Boston City Council voted Wednesday afternoon to oppose a state takeover of the city’s schools, amidst the state’s second review of the district in less than three years.
The resolution opposing receivership followed an April hearing where City Council members, academic researchers, parents and teachers, the head of the Boston Teachers Union, and a former member of the state Board of Education testified against the prospect of state receivership.
“BPS is not without its problems, and we all know that,” said Education Committee Chairwoman Julia Mejia, the original sponsor of the resolution, who also testified in March before the state board against receivership. “But these are problems that can be solved by turning to the community, not by initiating yet another executive leadership retooling.”
The council passed the resolution easily. Two councilors, Michael Flaherty and Frank Baker, opposed the resolution but allowed the unanimous consent needed to pass the order at the same meeting it was submitted.
Flaherty and Baker both said they opposed a complete state takeover, but advocated for a “middle ground” such as a partnership with the state or targeted interventions in particular areas of concern, like transportation and safety.
The Department of Elementary and Secondary Education recently gave Boston Public Schools a copy of an initial report based on the review, which is looking at, among other elements, progress overhauling Boston’s special education system, where a disproportionate share of Black and Latino students study in separate classrooms. The review could be used to make the case for receivership, although the state has yet to tip its hand.
At least one member of the Board of Elementary and Secondary Education has publicly urged the commissioner to intervene. But critics question whether the state has the capacity to take over Boston, with its 49,000 students, strong union, and complicated political landscape.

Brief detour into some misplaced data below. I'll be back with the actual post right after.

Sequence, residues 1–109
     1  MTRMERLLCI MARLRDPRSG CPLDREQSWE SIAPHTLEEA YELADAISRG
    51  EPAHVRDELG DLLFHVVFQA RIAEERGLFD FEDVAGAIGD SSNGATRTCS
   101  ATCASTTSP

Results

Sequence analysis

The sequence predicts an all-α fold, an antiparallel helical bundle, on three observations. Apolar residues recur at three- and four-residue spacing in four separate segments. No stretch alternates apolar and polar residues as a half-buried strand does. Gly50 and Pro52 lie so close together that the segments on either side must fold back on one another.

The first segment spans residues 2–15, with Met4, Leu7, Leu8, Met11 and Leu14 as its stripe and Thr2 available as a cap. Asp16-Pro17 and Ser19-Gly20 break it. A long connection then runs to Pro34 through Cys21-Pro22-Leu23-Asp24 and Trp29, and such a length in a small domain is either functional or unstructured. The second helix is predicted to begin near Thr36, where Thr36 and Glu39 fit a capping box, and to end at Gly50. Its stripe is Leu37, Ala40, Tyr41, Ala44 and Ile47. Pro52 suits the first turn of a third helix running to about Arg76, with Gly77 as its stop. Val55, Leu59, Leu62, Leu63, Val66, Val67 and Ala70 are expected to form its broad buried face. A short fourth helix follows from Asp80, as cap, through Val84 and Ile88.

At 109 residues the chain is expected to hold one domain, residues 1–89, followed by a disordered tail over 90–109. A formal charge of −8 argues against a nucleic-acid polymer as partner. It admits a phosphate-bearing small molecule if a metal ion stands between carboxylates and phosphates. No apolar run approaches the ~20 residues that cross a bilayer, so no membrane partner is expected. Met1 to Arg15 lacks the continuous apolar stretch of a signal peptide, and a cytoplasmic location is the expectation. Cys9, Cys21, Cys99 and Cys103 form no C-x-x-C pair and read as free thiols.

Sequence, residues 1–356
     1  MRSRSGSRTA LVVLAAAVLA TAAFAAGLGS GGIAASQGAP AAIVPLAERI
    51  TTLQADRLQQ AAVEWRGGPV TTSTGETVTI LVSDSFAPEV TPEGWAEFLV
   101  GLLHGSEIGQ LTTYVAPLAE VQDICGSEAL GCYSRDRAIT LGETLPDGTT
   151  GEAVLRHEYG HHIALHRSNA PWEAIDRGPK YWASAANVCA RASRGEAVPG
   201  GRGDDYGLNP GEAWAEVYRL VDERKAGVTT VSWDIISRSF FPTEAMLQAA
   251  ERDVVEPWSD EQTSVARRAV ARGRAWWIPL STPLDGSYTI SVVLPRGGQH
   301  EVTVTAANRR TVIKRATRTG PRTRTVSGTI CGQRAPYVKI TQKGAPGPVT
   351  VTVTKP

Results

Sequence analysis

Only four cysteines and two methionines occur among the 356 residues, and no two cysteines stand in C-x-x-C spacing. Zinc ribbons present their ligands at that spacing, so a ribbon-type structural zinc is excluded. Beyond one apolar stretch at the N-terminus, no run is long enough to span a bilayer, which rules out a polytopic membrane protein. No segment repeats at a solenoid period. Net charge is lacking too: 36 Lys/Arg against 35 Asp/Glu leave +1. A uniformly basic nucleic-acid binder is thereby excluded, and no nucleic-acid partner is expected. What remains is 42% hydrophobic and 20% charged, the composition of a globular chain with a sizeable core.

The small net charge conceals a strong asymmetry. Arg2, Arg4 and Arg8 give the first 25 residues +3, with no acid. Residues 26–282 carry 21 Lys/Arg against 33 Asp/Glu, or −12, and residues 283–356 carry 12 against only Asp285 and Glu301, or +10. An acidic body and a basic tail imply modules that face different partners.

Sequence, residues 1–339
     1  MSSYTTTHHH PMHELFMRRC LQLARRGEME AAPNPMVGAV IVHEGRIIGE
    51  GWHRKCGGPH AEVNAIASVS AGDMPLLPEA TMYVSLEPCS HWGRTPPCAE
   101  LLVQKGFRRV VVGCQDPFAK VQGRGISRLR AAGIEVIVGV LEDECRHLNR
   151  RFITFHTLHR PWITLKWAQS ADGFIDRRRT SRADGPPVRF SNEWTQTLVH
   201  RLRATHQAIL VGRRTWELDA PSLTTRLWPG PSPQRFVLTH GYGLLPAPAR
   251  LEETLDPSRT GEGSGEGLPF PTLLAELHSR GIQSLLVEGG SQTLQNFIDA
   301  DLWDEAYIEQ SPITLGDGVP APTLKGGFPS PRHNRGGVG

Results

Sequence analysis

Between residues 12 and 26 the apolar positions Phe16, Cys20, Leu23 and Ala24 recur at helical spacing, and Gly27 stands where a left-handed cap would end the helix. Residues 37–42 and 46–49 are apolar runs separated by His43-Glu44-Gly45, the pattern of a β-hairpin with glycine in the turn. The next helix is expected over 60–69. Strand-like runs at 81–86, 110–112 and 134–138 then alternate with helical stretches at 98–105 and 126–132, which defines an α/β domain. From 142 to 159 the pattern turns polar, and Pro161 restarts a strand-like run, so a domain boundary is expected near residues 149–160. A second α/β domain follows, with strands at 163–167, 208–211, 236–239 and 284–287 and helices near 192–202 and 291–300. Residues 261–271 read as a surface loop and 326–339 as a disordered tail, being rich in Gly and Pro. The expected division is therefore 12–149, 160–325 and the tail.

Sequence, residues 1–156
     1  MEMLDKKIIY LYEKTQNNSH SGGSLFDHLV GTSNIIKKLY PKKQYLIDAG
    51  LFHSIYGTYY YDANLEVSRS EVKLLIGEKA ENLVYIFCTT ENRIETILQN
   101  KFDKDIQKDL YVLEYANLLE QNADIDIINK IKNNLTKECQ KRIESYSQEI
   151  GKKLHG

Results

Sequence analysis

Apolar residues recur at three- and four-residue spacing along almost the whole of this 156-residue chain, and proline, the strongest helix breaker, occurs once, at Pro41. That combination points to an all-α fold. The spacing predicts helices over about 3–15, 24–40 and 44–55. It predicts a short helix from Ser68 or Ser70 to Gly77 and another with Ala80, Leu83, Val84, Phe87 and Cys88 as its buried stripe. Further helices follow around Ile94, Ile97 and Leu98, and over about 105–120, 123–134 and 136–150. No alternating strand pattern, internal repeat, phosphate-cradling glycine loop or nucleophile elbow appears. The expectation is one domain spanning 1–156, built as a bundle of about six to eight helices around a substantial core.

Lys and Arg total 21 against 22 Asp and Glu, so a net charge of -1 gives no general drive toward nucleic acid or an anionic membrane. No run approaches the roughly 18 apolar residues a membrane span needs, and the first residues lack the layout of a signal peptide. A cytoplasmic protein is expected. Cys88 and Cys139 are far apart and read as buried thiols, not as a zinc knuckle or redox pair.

Supporters of the resolution Wednesday agreed that the district had serious problems, but said the possibility of receivership is a hindrance, not a help, to addressing them, especially at a moment when the city has a new mayor and will soon have a new superintendent.
“Having this over Boston Public Schools’ heads is stopping us from moving forward,” Councilor Ricardo Arroyo said.
Councilors cited analyses, including a recent one in the Globe, which have found a limited impact by the state in prior takeovers in three smaller districts, Lawrence, Holyoke and Southbridge. The Globe analysis of test scores, graduation rates, college enrollment, and a dozen other metrics in Lawrence, Holyoke, and Southbridge found the state has failed to meet almost all its stated goals for the districts, beyond initial improvements in graduation rates in Holyoke and graduation rates and test scores in Lawrence. The state took control of the Lawrence system in 2011, Holyoke in 2015, and Southbridge the following year.
“We have the tools that we need here to really help transform our schools,” said Councilor Ruthzee Louiejeune. “The state does not.”
The Great Divide team explores educational inequality in Boston and statewide. Sign up to receive our newsletter, and send ideas and tips to email@example.com.
Christopher Huffaker can be reached at firstname.lastname@example.org. Follow him on Twitter @huffakingit.